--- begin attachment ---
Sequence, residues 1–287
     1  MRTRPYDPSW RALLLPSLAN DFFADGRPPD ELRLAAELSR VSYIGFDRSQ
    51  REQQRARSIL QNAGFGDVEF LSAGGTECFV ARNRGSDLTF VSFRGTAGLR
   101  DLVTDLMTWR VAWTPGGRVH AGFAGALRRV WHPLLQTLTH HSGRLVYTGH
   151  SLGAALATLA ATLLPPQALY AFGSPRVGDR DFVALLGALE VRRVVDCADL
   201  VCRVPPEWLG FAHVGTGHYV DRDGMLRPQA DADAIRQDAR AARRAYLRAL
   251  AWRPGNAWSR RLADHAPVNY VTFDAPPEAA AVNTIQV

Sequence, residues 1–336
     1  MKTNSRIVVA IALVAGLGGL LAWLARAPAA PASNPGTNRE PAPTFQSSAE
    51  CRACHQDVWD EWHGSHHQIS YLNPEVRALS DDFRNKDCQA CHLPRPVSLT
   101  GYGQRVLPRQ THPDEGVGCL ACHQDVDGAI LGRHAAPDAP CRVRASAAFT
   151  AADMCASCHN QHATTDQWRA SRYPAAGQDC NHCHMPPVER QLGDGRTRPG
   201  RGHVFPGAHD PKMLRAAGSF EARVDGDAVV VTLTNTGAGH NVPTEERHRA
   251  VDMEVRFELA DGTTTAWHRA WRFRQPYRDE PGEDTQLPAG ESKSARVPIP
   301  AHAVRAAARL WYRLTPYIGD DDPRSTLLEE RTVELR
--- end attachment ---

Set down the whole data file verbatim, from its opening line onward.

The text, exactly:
Sequence, residues 1–287
     1  MRTRPYDPSW RALLLPSLAN DFFADGRPPD ELRLAAELSR VSYIGFDRSQ
    51  REQQRARSIL QNAGFGDVEF LSAGGTECFV ARNRGSDLTF VSFRGTAGLR
   101  DLVTDLMTWR VAWTPGGRVH AGFAGALRRV WHPLLQTLTH HSGRLVYTGH
   151  SLGAALATLA ATLLPPQALY AFGSPRVGDR DFVALLGALE VRRVVDCADL
   201  VCRVPPEWLG FAHVGTGHYV DRDGMLRPQA DADAIRQDAR AARRAYLRAL
   251  AWRPGNAWSR RLADHAPVNY VTFDAPPEAA AVNTIQV

Sequence, residues 1–336
     1  MKTNSRIVVA IALVAGLGGL LAWLARAPAA PASNPGTNRE PAPTFQSSAE
    51  CRACHQDVWD EWHGSHHQIS YLNPEVRALS DDFRNKDCQA CHLPRPVSLT
   101  GYGQRVLPRQ THPDEGVGCL ACHQDVDGAI LGRHAAPDAP CRVRASAAFT
   151  AADMCASCHN QHATTDQWRA SRYPAAGQDC NHCHMPPVER QLGDGRTRPG
   201  RGHVFPGAHD PKMLRAAGSF EARVDGDAVV VTLTNTGAGH NVPTEERHRA
   251  VDMEVRFELA DGTTTAWHRA WRFRQPYRDE PGEDTQLPAG ESKSARVPIP
   301  AHAVRAAARL WYRLTPYIGD DDPRSTLLEE RTVELR